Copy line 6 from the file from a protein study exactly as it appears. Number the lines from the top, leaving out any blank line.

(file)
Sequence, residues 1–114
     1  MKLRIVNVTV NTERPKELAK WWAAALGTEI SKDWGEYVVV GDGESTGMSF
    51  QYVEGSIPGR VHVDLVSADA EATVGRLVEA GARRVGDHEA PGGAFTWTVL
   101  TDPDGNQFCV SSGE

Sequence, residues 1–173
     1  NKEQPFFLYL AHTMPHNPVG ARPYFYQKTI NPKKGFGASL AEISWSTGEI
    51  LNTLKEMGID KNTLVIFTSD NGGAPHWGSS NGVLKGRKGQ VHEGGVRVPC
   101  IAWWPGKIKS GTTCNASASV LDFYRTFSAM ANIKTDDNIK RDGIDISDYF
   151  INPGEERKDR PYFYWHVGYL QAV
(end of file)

     1  NKEQPFFLYL AHTMPHNPVG ARPYFYQKTI NPKKGFGASL AEISWSTGEI